I have experimented with 3d engraves on a few materials now, and compared Proofgrade and manual “vary power” modes. I’ll put my findings below, but first, pics of a finished project. This is a replica of a Judge badge from Dredd (2012).
Judge Badge in Draftboard
Manual 3d engrave, 500 speed, Full power (Pro) (Maximum engrave depth .062")
Surface prep: 1 coat Golden GAC100 size, 1 coat Jack Richeson white gesso, 400 grit sandpaper before size and after gesso
Paint: Craftsmart Classic Gold followed by a black wash (easy as falling off a log, honest)
File: PNG with the deepest parts set to 100% black, mid-depth 60% black, and each sloped surface a gradient from 0% - 60%.
(You can see what the originals look like here. They were cast from metal… I’m not there yet.)
Comparison of Proofgrade and Manual 3d Engraves
Bottom line, Proofgrade’s 3d Engrave mode does not go for depth, and it does appear to lower the contrast. If you want to make your Glowforge stand in for a CNC mill, you need to use the “vary power” Manual setting.
Draftboard, Manual 3d Engrave
Draftboard, Proofgrade 3d Engrave
Comparison of Draftboard, Basswood, and Poplar 3D Engraves
Draftboard produces a somewhat decent 3d carve, but it makes a LOT of char and sticky goop. I could not get it all off with alcohol or sanding. I painted over sticky spots and hoped for the best. It worked out, though.
When painting over the goop with size, I got a lot of brown discoloration as the size soaked up the goop and char and spread it around.
The finished item above was made from Draftboard, so it is serviceable, but basswood and poplar both are much nicer to work with.
Poplar produces much less char and goop than Draftboard. This is a closeup of 1/2" poplar, carved at speed 500 and Full power – 2 passes. There is about 0.19" of depth to this carve, and it came out pretty clean. This piece also has 1 coat of size and a couple coats of gesso on it, and it was sanded with 400 grit for initial prep and in between coats of gesso. (BTW, my Pro cuts 1/2" poplar at speed 145, Full power, 2 passes.)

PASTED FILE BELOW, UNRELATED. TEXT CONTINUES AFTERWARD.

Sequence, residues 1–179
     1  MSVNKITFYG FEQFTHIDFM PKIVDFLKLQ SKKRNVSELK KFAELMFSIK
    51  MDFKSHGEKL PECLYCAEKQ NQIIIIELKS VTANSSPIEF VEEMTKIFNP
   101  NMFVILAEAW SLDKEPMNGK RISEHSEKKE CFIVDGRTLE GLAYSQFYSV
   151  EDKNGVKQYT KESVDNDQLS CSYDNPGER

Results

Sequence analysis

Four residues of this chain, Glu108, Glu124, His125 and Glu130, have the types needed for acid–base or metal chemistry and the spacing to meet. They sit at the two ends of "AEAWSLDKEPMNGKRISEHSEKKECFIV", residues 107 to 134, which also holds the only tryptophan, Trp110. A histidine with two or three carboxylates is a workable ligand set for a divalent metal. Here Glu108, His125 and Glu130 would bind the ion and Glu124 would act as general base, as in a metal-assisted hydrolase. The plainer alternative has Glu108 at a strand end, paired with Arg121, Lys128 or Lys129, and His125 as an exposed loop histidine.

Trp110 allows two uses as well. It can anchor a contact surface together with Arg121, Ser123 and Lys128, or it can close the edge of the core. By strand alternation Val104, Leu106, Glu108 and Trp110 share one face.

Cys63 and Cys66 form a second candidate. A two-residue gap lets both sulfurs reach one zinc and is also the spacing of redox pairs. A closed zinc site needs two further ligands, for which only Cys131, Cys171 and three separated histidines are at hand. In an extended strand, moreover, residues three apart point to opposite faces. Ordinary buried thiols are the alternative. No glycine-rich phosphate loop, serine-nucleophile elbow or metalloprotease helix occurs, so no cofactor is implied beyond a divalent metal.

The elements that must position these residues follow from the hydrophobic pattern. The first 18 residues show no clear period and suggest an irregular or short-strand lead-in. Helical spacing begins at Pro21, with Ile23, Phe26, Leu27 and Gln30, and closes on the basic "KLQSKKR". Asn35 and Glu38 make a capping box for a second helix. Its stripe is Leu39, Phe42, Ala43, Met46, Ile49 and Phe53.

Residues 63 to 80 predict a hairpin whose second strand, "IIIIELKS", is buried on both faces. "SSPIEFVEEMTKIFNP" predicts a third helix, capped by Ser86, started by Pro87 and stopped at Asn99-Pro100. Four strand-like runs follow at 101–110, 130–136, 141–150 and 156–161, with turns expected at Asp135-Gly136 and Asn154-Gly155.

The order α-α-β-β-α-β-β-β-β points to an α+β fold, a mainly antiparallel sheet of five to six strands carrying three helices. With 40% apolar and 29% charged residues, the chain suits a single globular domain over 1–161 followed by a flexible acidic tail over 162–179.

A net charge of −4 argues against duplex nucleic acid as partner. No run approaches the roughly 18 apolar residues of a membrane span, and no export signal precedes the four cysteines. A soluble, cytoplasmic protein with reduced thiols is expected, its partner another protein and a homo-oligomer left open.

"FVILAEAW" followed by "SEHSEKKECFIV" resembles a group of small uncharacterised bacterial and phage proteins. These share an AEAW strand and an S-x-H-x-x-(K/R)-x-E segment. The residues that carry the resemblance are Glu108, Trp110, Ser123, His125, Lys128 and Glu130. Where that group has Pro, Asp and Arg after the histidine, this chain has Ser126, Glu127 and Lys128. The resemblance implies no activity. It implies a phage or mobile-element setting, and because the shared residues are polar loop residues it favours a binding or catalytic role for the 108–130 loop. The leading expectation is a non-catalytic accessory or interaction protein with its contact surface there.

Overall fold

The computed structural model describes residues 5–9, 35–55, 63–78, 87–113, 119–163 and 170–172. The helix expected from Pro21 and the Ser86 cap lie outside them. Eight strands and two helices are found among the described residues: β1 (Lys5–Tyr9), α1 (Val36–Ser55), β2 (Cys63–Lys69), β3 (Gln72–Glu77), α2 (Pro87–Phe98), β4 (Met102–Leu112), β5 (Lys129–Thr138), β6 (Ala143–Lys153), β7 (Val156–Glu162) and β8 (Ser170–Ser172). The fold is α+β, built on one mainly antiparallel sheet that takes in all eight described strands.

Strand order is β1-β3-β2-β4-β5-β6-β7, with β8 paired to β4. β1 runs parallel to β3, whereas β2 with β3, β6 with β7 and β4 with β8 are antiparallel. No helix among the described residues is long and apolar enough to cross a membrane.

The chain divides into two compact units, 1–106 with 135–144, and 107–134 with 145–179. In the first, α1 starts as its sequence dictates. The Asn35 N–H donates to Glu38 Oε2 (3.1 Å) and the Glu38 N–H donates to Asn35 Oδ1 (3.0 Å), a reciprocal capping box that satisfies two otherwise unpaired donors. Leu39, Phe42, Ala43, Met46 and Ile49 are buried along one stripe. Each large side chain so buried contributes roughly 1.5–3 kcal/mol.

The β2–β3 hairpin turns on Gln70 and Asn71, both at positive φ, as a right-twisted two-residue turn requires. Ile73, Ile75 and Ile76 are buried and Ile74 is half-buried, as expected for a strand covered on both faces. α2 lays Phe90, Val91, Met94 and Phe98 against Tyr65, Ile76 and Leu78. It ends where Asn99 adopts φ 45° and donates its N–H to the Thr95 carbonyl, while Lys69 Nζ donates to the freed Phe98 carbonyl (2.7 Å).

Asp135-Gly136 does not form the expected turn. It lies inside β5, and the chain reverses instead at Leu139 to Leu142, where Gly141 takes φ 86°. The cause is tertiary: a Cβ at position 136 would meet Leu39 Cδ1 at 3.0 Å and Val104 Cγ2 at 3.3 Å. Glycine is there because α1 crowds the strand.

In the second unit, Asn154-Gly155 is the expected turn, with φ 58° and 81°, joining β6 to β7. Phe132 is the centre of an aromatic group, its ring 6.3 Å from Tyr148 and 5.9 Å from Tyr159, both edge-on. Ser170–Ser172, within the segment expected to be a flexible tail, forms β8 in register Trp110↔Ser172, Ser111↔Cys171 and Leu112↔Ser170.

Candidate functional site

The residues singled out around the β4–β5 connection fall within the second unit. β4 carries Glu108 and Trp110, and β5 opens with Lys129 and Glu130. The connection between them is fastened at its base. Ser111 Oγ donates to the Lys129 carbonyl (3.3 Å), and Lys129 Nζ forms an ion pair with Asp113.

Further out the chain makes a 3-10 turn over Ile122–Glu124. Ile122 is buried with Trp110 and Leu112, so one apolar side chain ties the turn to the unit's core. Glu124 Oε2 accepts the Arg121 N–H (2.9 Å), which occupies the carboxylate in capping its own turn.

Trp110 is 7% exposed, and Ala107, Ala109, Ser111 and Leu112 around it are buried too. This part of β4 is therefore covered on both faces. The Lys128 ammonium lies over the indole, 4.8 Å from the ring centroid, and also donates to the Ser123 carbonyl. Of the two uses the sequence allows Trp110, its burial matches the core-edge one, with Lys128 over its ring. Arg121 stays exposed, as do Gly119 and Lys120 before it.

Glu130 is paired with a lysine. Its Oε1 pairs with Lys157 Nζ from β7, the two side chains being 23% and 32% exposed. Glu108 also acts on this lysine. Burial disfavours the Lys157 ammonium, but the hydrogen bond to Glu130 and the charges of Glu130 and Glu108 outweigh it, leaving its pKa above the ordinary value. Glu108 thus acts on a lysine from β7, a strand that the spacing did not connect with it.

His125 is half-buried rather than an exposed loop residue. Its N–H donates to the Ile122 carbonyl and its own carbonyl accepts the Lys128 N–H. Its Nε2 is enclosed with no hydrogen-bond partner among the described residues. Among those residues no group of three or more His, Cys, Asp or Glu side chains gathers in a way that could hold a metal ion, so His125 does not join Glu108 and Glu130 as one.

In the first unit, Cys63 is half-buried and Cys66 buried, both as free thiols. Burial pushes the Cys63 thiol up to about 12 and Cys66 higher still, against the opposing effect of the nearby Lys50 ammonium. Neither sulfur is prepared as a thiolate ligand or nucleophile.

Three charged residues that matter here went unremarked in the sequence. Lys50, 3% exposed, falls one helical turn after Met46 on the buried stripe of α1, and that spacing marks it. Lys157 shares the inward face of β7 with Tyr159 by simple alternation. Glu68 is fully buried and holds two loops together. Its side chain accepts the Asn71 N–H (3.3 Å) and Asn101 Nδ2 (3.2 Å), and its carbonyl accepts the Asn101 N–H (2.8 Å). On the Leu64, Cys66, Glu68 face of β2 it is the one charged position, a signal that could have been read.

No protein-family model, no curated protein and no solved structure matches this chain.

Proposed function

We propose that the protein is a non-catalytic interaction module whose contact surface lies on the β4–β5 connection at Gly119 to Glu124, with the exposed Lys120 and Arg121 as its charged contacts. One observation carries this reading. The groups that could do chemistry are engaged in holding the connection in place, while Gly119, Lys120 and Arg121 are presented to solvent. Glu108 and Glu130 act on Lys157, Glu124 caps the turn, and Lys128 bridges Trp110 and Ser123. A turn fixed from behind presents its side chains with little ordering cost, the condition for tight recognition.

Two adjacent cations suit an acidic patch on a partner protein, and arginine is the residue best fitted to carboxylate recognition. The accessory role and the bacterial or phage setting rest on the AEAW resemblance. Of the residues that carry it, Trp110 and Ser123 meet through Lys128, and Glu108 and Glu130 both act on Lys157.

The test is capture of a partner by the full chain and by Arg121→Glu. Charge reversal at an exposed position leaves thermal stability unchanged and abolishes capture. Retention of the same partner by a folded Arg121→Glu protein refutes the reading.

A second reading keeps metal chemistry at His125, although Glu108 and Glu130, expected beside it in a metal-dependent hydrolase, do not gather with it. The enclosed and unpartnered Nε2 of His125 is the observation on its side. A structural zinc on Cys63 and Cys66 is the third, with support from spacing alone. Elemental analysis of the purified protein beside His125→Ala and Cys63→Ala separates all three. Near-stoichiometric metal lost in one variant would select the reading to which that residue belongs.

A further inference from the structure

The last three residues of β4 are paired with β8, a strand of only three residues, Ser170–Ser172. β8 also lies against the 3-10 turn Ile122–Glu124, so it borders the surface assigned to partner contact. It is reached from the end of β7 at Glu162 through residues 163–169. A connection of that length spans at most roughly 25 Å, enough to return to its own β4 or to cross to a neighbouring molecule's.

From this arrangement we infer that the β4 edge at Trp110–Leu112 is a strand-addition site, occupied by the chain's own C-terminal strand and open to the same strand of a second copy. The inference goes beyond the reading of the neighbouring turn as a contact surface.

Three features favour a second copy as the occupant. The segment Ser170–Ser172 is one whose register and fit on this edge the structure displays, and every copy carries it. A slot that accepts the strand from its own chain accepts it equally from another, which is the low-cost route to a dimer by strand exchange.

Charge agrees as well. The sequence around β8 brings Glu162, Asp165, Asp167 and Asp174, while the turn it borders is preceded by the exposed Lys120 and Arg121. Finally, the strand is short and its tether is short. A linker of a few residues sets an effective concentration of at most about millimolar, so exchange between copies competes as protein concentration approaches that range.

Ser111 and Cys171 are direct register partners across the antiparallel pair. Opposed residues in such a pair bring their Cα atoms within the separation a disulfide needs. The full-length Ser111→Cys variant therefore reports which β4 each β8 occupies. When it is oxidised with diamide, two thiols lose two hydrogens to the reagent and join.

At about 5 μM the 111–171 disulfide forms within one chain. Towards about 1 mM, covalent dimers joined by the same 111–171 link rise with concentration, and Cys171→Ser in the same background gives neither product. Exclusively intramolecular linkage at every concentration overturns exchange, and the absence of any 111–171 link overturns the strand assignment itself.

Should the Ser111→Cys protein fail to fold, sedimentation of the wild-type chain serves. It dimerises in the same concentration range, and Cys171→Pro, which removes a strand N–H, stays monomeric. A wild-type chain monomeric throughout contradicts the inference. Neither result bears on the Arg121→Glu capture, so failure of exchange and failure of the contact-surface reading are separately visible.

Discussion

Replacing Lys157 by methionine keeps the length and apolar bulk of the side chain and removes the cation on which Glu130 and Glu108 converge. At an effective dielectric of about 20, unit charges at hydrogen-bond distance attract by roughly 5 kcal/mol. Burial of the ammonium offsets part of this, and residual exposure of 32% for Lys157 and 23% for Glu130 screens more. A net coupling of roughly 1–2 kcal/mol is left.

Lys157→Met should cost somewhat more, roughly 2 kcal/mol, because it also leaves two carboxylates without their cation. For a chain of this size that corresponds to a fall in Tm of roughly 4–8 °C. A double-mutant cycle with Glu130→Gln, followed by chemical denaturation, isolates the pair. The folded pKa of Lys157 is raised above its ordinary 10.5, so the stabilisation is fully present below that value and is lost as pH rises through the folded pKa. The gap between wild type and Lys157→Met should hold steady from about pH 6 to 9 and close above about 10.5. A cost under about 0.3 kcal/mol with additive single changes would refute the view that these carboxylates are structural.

Basswood is even better to carve than poplar. It carves more easily, produces less char, almost no goop, and produces a slightly less textured surface on those deep, crispy areas. Here’s the basswood version, also with size and gesso appliled. It is hard to tell from the photos, but I think the quality of the carving and residual texture is definitely a bit superior to the poplar.
(I did not try 2 passes on basswood, but I don’t see why you couldn’t do that and get a deeper carve if desired.)
One more picture, of the 3 unfinished pieces. The thick one is poplar (done at 2 passes for more depth), the skunky lower left is Draftboard, and the lower right is basswood.
And, here is a photo of the pieces with the gold base coat applied.
There is no hiding that these are made out of wood, but the laser texture sort of, kind of looks like sandcasting texture, which isn’t terrible for this item. Still, it will take a lot of work and maybe some different sealers to turn carved wood into a smooth, plastic-like surface… If it is even possible. If someone has cracked that code, please post!
tl;dr basswood ftw